From Shippies to Cloudbreak
An intense polar low is currently positioned south-west of Tassie, and one look at the satellite image gives you a good idea on how impressive and substantial it is.
This storm and a following increase in polar frontal activity under Tasmania and into the Tasman Sea over the coming week are all linked to a strengthening node of the Long Wave Trough across New Zealand, covered in more detail here.
We've currently got a broad and drawn out node stretching below the country, and this has helped spawn the polar low that's currently in motion.
This low developed yesterday and satellite observations have already picked up an excellent storm-force fetch traversing eastwards, through Tasmania's prime swell window.
The low will continue east with strength today, breaking down under New Zealand.
This low is set to deliver a large long-period SW groundswell to Tasmania tomorrow, and then onwards to Fiji early next week, peaking through Tuesday.
While the South Arm will offer quality options under offshore winds as the swell starts building from mid-morning, Shipsterns Bluff looks to max out into the afternoon with sets to 12-15ft, quickly rising from paddle to tow range.
We're currently in the middle of the Red Bull Cape Fear waiting period, and given the first seven weeks of the waiting period have been unusually quiet, it'll be interesting to see whether the event is given the green light.
The long-period nature is a bit of an issue and conditions will become bumpy into the mid-late afternoon but with such a strong powerful long-period swell there should still be some crazy waves going down.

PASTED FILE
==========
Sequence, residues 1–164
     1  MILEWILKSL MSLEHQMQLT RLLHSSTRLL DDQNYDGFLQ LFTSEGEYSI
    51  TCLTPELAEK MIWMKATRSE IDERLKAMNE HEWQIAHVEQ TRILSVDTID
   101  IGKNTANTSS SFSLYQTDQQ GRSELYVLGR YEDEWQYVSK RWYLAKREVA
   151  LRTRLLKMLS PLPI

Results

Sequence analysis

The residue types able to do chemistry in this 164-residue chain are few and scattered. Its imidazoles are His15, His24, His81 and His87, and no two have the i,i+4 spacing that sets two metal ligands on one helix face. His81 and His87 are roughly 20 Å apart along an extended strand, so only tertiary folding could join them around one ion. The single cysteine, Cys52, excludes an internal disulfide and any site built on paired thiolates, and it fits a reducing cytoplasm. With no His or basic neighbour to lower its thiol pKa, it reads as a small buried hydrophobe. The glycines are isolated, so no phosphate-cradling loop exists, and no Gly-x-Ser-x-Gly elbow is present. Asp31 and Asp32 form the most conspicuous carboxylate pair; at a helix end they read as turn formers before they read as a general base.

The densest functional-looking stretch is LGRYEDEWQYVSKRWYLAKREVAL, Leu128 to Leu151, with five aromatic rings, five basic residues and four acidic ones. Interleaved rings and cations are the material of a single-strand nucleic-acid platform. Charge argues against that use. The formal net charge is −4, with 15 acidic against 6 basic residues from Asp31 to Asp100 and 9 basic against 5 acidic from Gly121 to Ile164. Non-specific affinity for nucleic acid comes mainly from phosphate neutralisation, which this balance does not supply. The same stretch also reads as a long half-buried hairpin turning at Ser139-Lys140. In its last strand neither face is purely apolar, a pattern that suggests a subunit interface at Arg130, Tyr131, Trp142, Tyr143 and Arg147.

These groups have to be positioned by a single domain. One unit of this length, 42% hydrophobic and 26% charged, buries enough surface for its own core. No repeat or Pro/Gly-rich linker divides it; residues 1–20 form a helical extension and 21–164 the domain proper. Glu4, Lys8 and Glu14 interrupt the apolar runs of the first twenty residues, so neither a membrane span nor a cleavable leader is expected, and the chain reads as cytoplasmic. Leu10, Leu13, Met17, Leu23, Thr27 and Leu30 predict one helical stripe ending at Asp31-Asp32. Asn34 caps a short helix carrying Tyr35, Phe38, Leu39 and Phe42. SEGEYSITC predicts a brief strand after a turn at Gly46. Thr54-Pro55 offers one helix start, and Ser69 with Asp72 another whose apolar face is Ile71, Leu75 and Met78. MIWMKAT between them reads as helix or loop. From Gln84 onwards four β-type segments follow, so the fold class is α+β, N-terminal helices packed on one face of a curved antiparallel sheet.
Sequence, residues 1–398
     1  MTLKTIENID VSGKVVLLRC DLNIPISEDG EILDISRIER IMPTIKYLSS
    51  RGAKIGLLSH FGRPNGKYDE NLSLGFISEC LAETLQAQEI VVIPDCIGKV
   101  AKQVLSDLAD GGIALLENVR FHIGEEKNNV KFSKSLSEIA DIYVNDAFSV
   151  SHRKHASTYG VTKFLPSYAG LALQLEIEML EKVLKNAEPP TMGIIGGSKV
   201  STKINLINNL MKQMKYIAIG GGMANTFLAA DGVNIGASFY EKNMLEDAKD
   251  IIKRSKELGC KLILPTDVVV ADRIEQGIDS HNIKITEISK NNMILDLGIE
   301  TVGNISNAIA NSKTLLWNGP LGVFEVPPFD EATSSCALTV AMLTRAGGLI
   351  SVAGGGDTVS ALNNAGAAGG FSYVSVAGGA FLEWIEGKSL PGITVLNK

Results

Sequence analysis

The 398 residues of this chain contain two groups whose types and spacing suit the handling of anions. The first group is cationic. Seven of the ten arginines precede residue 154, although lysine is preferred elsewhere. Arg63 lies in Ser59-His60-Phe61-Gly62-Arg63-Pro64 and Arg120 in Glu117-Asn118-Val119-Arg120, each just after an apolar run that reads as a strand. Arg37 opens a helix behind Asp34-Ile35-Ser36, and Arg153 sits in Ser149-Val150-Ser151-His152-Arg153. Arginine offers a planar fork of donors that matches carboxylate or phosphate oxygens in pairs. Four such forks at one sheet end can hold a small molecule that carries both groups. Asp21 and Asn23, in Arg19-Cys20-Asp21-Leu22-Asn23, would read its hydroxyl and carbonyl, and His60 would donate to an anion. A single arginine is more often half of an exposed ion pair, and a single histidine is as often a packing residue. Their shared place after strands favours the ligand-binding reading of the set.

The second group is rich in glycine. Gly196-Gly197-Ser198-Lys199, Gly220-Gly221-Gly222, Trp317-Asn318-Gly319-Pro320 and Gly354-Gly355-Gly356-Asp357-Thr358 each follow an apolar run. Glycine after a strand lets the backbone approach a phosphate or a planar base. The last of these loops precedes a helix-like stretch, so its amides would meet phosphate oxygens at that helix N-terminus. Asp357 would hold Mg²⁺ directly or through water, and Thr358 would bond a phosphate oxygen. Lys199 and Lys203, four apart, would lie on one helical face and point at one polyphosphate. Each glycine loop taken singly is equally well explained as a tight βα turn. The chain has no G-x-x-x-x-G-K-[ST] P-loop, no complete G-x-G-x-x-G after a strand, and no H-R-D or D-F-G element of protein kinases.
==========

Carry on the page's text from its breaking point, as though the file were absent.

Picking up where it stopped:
This swell isn't perfectly aimed towards Cloudbreak though should still provide large infrequent sets as it fills in proper on Tuesday, reaching 8ft on the bomb sets under E/SE- SE trades.
The Long Wave Trough will stall and strengthen significantly over New Zealand through early next week and this will see an initial polar front strengthen right under Tasmania, producing a fetch of elongated SW gales for an embedded fetch stronger severe-gale SW winds to move over, projecting towards New Zealand.
The position of the LWT is just a touch too east to be ideal for Cloudbreak, with the peak wind strengths being more aimed towards and dissected by New Zealand.
If the fetch was positioned just a touch further west, we would have been looking at easy 10-12ft Cloudbreak, now it's more likely to renew 8ft surf again next Saturday. However, the models have been shifting around (yesterday had much larger surf on the cards) so this outlook will be reassessed over the coming days.
The Australian East Coast will see side-band energy but winds are looking favourable for those south swell magnets when it arrives later in the week, though keep an eye on the local Forecaster Notes for your region for more detail.